Serialization 105 – The Lazy Programmer shares data

Serialization Series

And finally, to conclude this little serialization excursion. I want to create an application that is a collaborative whiteboard. All the application needs to do is receive a series of drawing command from multiple participants, and execute those commands to render something on each of the screens of the participants. Ideally, code ends up doing something like the following:

local commands = {
    MoveTo({x=10, y=10}),
    LineTo({x=20, y=20}),
    LineTo({x=30, y=30}),
    LineTo({x=10, y=10}),


And magic happens!

Well, that’s pretty much what can be done now that all these various bit slinging bits and pieces have been assembled. There were a couple of enhancements that needed to be made along the way though. Here is what that MoveTo command looks like:

    name = "MoveTo";
    fields = {
        {name="id", basetype="int32_t", default= EMR_MOVETOEX},
        {name="x", basetype="int32_t"},
        {name="y", basetype="int32_t"},

I have a bit of code that will take this info and turn it into a little class that will deal with all sorts of things. One of the new members on the field specification is a default value. What I can achieve with this is to have a value set on the structure as soon as it’s constructed. So, by default, the id field will have the value of EMR_MOVETOEX, which is a number. So, by default, I could do this:

cmd = MoveTo()
network:send(cmd.DataPtr, cmd.BufferSize)

And, what I’d get on the wire is, int32(EMR_MOVETOEX), int32(0), int32(0)

That’s great, because on the receiving end, I’ll first pick up on the ID field, which will tell me which data structure to pull out of the list of data structures, and then I can deserialize using that data structure.

cmd = network:receive()

Of course, the usual field accessors are available, because the autogen’d class has them, so:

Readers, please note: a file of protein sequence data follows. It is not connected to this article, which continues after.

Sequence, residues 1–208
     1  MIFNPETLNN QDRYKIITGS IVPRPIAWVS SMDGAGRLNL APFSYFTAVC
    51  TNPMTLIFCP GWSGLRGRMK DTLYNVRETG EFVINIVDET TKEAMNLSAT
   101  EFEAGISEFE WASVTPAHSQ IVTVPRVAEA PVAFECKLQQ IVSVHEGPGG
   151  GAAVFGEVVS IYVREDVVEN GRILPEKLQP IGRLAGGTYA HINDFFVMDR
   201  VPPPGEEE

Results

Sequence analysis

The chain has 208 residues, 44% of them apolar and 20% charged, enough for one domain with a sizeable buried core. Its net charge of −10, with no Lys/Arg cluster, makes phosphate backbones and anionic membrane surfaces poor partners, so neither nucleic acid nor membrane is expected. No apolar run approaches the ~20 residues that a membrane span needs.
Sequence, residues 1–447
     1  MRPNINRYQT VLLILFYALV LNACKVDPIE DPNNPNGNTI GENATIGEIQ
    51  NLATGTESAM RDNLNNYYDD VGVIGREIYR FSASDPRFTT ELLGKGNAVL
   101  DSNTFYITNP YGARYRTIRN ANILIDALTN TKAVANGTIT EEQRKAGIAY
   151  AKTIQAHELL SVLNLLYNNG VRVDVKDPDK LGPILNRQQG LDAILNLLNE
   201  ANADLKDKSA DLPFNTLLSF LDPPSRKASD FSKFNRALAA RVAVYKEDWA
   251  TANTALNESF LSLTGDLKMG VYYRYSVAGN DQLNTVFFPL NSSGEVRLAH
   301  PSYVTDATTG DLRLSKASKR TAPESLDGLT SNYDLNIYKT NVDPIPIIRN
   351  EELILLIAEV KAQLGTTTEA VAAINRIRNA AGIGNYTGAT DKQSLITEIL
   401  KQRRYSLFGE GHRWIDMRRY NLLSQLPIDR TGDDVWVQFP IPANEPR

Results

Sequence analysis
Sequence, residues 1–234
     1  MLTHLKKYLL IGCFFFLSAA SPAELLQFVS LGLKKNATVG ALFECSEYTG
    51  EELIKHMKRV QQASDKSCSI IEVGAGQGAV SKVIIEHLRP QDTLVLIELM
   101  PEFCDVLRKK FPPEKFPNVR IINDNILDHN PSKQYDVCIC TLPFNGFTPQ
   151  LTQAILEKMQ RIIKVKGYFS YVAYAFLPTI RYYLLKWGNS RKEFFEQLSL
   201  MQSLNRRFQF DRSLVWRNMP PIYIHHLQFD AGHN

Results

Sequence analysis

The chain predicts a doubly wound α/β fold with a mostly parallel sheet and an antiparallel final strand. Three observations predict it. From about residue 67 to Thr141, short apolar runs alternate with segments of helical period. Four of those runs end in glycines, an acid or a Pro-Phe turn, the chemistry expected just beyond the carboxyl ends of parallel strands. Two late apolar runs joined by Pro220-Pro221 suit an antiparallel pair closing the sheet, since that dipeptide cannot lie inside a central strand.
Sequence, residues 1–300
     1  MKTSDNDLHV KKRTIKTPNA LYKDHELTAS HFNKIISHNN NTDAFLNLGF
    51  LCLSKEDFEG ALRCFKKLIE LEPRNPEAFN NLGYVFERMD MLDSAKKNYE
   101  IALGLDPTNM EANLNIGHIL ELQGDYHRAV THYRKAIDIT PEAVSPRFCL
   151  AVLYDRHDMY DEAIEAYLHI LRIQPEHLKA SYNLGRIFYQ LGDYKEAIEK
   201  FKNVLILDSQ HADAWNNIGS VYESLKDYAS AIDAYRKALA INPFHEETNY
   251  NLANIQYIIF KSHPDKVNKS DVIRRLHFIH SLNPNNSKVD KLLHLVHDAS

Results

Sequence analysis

These “commands” are just data. I did not send any behavior with them. What happens with the data is up to the recipient. The data could simply be logged, or actual drawing commands could be executed, or the data may be routed to other recipients after sniffing out a couple bits and pieces of information.

Sometimes, you want to set values from the get go though, so as listed above:

cmd = MoveTo({x=10, y=10})

This will allocate just enough space to hold the values for the class. At the same time, it will actually initialize the memory by calling the field setters with the specified values. That’s pretty neat I think.

You can also control the memory that is allocated on your own though:

size = MoveTo.ClassSize * 10  -- space for 10 structures
buff ="char[?]",MoveTo.ClassSize * 10)
int offset = 0
cmds = {}
for i=1,10 do
  table.insert(cmds, MoveTo(buff, offset, {x=i, y=i*2}))
sender:send(buff, size)

That would construct 10 move commands, all in the same preallocated buffer, and send it off somewhere. I think that’s pretty useful.

Another way of seeing how this might be useful is when you consider the typical network packeting challenge.

For something like UDP, you have the following setup:

MAC Header
IP Header
UDP Header

That’s three headers and a payload. There are a couple of checksums in those headers as well, so it’s nice to have everything together for ease of calculation. Using these various serialization techniques, you could construct a single packet, and then just line up the various header structures appropriately, and set your values. That’s kind of useful because no copying has to occur along the way. No reallocation to prepend a header or any nonsense like that. If you’re doing something as silly as trying to use the IP protocol to communicate between threads on the same machine, this is fairly useful, and resource conservative.